Los Angeles

Richard Serra

Ace Gallery

Knowledge, the existentialists say, is engaged knowledge; our windows to the world, however theoretical, are specific, located points, and everything within our perceptual field, including perception itself, is in situ. When the psychological “set” involves art expectations, the absence of a separate, finished physical object directly increases the importance of the immediate environment—the closing of time, place, other people and operations. Richard Serra’s recent exhibition at Ace Gallery (comprised of a big piece similar to Sawing at PAM and several propped metal sculptures of a type previously and thoroughly covered in these pages) included the showing of four short films which, with one exception, were fine, but which, as a totality, shifted one’s attention radically toward the situation. In Ace’s big cube, the audience (leather-vested glint-eyed boys in cowboy shirts and aviator glasses and wan, bra-less jeunes filles ennuyées) climbed over Serra’s great log piling and braced itself in the sawdusty heat while a succession of personnel struggled with a tiny, limpid-eyed projector. It must be endemically American, this bringing to bear of a great deal of matériel (people, machinery, things) on a flickering, short duration set of images on the available wall. (They say our combat troops require the logistical support of three men for every one in action.)

The films were projected, it appeared, in a descending order of didactics. In the first, four hands (two Serra’s) remove a pile of sawdust down to the last specks between thumb and forefinger and place it somewhere off-camera. The repetitive short swishes of the quick, efficient hands fall into rough cadence with the revolving sprockets: work = hand speed = rhythmic movement = dance = cycle = the process/materials of the film. Quite a nice movie, it lasted, I think, about four minutes. In the second, a bit shorter, Serra’s right hand, thumb up, opens and closes, grabbing at several dozen lead scraps dropped from just above camera. The hand tires progressively; he misses maybe sixty percent of the objects. The same minor hypnosis as in the initial offering prevails, and the hand fits the screen the way the heads used to fit TV screens in Dragnet. In the third film, a pretty girl is seen through a stationary camera, from the shoulders up, pirouetting; as she turns, her axis shifts and one feels the shift of her feet. Like all the films, the time ratio is 1:1 and, speaking of Warhol, the movie is closely reminiscent of Nancy Worthington Fish, et al. The last picture, a pièce de résistance, is a process-play on trompe /’oeil: under voice-over directions from the cameraman, Serra traces the framing edge with a ruler (“Am I on it? Yeah? OK, a little more in. Ok? Yeah. Lessee, that’s twelve and twelve more . . .”). Although we see the boundary as a round-cornered rectangle, Serra has measured off a trapezoid, and we can begin the questions: How did. this happen? Why do we watch “in” the picture when the “action” flutters along the edge? Why does the “dead” spot in the film seem to be the very part where it comes to life (when the panel is moved and, for a moment, we see out the window to the street below)? If the first film is the best because it is the least contrived real “work” as movement, this last one follows closely; it is also the most conceptual, a specific debunking of universal geometry in which the concreteness of the world is transformed into pure idea, then, in the movie frame’s failure to remain rectangular, modified as art, re-cast in particular terms.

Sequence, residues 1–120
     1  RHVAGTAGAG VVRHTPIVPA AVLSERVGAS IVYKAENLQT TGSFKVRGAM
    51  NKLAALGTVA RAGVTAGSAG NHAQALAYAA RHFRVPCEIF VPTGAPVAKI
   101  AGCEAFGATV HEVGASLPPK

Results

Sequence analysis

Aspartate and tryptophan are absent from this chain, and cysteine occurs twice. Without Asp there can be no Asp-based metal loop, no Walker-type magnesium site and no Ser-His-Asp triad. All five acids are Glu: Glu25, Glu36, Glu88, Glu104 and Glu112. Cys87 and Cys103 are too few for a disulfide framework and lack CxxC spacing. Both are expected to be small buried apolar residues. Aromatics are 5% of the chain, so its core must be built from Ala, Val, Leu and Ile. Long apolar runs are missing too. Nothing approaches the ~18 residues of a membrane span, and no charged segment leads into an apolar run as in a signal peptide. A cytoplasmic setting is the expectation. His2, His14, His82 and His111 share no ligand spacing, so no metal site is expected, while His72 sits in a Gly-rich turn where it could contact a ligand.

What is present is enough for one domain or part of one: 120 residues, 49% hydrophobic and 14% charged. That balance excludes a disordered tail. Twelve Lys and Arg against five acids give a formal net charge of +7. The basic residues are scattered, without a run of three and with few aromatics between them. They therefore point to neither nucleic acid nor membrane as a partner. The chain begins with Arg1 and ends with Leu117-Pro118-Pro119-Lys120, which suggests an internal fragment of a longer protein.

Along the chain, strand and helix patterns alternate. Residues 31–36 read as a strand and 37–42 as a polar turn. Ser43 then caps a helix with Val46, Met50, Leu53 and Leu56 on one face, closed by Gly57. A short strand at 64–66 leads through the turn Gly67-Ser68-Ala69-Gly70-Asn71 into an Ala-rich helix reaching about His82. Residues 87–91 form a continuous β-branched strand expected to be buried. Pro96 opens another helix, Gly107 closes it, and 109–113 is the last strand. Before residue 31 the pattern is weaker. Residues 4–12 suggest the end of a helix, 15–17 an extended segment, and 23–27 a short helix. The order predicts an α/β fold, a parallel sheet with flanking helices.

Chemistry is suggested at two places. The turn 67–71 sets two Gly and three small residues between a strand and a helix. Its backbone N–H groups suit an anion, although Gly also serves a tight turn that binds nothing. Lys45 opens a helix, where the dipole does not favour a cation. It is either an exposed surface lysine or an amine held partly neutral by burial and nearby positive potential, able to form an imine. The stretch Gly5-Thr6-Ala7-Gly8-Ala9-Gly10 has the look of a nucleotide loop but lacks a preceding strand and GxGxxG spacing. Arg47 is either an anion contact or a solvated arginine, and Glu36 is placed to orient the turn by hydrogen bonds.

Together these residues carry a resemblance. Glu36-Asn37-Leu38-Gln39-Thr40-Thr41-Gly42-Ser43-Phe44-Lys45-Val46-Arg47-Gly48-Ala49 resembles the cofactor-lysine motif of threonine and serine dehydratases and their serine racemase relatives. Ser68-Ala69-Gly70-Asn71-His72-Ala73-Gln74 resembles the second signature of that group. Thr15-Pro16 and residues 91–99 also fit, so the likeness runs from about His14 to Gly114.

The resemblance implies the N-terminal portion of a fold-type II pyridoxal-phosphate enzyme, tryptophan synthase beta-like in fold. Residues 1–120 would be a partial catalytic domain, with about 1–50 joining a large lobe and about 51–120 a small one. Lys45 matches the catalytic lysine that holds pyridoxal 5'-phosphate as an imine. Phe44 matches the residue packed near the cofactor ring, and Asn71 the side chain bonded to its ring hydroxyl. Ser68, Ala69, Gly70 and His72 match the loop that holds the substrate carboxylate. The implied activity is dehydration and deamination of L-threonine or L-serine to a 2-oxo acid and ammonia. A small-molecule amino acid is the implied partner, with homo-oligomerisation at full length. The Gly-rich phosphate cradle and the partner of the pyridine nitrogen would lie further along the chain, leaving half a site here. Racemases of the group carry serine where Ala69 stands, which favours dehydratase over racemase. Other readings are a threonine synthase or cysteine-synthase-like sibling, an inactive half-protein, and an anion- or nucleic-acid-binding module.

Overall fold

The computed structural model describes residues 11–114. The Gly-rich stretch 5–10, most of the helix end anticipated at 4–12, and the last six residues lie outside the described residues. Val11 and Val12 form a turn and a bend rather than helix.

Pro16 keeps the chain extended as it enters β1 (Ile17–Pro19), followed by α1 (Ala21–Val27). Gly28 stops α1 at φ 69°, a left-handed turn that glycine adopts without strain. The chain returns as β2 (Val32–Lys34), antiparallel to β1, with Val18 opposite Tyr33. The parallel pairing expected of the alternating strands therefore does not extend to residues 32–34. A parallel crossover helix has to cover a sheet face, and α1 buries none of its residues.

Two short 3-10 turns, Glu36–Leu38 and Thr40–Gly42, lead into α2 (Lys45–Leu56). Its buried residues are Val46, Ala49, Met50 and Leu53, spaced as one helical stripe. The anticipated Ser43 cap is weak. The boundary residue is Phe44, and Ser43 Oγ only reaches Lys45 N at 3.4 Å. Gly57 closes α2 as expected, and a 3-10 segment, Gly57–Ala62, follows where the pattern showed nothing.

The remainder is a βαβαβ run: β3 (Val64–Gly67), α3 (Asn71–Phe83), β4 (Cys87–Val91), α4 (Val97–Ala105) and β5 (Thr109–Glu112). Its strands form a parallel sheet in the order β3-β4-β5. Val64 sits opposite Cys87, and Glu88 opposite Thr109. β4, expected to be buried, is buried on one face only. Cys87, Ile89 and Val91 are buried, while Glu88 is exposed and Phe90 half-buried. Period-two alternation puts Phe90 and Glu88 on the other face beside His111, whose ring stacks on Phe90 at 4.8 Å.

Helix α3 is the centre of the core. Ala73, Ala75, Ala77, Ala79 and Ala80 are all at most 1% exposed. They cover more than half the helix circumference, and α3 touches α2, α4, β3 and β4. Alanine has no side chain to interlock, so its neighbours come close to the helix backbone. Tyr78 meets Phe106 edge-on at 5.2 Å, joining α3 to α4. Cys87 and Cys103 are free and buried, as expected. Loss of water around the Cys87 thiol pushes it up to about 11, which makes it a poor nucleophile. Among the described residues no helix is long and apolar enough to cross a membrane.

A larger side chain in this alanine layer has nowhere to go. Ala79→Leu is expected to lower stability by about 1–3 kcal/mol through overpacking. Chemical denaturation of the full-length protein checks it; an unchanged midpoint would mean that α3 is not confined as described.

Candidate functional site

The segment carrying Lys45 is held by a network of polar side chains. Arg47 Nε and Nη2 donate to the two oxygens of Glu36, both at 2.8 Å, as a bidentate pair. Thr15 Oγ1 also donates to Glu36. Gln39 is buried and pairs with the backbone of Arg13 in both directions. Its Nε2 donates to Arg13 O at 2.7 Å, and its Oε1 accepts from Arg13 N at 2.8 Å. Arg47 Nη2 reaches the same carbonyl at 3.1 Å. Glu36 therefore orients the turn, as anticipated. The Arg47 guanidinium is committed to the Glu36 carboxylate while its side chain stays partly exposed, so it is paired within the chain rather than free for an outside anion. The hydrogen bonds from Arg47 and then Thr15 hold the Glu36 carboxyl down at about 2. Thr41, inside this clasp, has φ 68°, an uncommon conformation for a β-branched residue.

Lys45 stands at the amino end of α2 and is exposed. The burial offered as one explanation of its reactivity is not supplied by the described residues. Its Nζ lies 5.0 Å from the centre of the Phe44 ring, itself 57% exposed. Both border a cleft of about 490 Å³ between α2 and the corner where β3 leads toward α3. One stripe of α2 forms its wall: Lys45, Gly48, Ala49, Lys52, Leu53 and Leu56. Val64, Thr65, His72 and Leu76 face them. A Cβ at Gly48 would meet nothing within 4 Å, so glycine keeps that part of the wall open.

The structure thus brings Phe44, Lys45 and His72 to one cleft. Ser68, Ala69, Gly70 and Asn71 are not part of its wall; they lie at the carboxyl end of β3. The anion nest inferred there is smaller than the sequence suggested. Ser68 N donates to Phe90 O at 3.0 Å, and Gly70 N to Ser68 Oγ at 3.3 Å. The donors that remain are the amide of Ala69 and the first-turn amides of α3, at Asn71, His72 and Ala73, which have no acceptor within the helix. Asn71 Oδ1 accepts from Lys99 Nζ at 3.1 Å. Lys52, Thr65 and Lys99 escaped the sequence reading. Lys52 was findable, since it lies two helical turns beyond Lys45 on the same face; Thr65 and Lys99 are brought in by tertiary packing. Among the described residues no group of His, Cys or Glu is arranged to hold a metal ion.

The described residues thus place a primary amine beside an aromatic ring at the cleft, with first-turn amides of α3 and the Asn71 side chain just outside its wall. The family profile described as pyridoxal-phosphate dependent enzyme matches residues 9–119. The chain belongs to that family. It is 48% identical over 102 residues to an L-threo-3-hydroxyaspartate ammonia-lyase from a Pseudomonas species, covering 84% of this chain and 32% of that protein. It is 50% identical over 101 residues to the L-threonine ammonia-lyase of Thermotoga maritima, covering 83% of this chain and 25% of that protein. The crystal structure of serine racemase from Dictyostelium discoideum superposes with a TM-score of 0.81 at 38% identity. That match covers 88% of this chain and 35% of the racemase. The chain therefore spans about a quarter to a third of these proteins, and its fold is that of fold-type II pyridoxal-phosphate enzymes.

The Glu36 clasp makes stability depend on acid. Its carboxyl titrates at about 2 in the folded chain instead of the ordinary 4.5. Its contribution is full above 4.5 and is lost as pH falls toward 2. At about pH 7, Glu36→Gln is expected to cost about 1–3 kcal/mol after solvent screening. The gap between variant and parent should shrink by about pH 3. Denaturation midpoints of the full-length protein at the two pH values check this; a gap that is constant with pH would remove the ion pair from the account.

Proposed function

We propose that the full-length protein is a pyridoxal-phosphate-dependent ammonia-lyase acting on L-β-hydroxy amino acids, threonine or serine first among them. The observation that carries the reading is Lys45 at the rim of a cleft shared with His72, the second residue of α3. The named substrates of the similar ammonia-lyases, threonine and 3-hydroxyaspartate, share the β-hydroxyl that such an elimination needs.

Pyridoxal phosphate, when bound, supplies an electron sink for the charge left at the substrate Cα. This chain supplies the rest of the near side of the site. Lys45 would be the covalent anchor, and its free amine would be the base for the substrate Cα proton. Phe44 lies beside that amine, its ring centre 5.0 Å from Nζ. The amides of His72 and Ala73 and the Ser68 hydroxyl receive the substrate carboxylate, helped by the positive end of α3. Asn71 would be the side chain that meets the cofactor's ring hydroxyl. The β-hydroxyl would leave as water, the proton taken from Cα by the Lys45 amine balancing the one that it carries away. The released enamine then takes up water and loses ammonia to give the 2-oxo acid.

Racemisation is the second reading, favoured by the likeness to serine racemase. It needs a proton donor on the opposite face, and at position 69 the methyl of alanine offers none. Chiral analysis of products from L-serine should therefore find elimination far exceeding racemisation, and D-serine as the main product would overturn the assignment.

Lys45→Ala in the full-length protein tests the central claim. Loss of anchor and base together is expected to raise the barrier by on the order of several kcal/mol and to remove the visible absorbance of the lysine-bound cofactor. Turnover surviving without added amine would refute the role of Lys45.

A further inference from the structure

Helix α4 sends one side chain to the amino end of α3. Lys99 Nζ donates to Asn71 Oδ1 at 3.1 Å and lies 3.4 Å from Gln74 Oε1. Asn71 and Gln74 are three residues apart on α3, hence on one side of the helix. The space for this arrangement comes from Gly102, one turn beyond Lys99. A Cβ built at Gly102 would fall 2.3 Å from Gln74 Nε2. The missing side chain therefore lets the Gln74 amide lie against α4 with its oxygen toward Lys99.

Peter Plagens

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